Arrest in vandalism of churches, synagogue

July 30, 2013 7:26:03 PM PDT
Police arrested a man in connection with the vandalism to a number of houses of worship in Bay Ridge, Brooklyn Tuesday morning.

55-year-old Chris Papadimitropoulos is charged with six counts of criminal mischief as a hate crime, 12 counts of criminal mischief and 12 counts of making graffiti.

All of the incidents happened overnight.

Eagle eyed officers spotted the suspect on the street wearing the same clothes he was on the surveillance video.

Susan Michalski and others around her stood in the shadow of some of the worst vandalism to houses of worship they have seen in their lifetime.

At St. Anselm Roman Catholic Church, red spray paint covers two statues; Christ on the cross and Mary, in a place where parishioners find solace and peace.

"That little bit of peace, whatever the cross means to them. In their life that's the hurt," said Msgr. Martin Kull, pastor.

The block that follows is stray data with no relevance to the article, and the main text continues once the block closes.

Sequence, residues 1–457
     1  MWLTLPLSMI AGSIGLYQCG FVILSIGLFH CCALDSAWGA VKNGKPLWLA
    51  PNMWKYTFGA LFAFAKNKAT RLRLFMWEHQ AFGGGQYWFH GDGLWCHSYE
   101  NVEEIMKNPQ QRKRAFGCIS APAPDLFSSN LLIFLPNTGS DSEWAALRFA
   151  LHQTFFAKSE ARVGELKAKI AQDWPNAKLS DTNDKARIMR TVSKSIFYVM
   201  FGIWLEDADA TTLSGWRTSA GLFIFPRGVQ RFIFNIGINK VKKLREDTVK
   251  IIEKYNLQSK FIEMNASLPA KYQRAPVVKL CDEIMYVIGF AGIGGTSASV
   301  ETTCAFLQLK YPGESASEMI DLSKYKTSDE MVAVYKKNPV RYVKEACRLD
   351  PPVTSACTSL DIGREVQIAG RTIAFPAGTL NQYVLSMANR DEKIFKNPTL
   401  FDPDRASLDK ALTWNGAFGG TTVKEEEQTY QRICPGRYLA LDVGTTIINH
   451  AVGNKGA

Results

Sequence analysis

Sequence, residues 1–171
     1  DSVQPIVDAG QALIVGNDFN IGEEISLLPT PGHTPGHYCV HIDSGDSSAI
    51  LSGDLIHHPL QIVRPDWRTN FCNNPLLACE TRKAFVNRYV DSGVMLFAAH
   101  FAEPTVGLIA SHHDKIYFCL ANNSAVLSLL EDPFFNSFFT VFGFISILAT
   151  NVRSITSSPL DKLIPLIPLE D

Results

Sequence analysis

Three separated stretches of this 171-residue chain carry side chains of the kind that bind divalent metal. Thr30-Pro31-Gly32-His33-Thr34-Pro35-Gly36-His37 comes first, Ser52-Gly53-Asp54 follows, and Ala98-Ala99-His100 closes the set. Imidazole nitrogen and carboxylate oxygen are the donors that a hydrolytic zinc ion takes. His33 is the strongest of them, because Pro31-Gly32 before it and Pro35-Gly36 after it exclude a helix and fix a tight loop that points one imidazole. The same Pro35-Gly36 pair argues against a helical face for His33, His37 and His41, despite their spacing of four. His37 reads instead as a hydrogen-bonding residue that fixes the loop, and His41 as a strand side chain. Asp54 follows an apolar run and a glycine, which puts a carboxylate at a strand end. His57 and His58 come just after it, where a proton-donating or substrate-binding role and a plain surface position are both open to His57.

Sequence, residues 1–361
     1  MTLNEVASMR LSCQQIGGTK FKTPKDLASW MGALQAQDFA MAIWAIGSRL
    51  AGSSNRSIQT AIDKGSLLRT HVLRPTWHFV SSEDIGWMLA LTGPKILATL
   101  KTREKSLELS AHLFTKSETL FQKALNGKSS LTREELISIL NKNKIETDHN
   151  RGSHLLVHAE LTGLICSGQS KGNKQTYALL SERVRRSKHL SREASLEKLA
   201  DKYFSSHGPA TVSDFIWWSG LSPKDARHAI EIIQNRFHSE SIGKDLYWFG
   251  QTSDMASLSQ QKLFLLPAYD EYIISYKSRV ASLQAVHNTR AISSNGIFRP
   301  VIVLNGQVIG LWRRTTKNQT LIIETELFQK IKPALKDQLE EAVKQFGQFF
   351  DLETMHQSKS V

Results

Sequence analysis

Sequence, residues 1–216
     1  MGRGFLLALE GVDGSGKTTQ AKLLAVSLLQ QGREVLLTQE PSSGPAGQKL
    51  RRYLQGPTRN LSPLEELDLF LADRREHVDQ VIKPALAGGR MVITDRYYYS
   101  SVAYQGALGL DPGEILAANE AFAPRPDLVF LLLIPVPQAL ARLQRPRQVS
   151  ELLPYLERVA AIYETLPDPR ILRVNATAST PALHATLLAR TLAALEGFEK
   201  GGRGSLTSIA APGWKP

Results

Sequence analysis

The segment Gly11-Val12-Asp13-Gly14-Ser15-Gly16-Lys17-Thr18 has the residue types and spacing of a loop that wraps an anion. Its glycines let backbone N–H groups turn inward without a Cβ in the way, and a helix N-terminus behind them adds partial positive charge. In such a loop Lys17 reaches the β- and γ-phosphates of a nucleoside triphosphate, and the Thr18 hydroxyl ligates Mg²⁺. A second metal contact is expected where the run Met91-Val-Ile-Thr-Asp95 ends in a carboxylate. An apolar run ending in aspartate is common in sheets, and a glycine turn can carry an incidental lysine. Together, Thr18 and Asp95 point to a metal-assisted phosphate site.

The acts of vandalism, Eyewitness News has learned spreads out over eight different locations including four churches and a temple, a couple of residences, and a bank.

At the Bay Ridge Jewish Center, where the word "no" is sprayed, is where the cameras captured video of the suspect.

"I can't give you a motive at this time; we are still talking to the individual. We were able to identify him based on pictures, video taken at one of the scenes," Police Commissioner Ray Kelly said.

"This is very, very offensive to so many and it really, I think symbolizes hatred," Rep. Michael Grimm said.

Despite the hatred they believe is behind these acts of desecration, the residents of Bay Ridge are coming together.

At the Holy Cross Greek Orthodox Church, paint covers the front doors and walk.

"It was a horrific sign, yes. Especially being in red," said Chris Ellison, a church representative said.

They now turn to their source of strength.

"What we do as a community is what we do every day is that we pray. And we will pray for this man," said Mike Byrne, a parishioner.

"Maybe he will mend his ways. You know there is a lot of prayer going out for both him and for all in the community," said Steve Capper, a parishioner.

They now begin that process of healing.

St. Anselm's was previously targeted in May when two religious statues outside the church were defaced.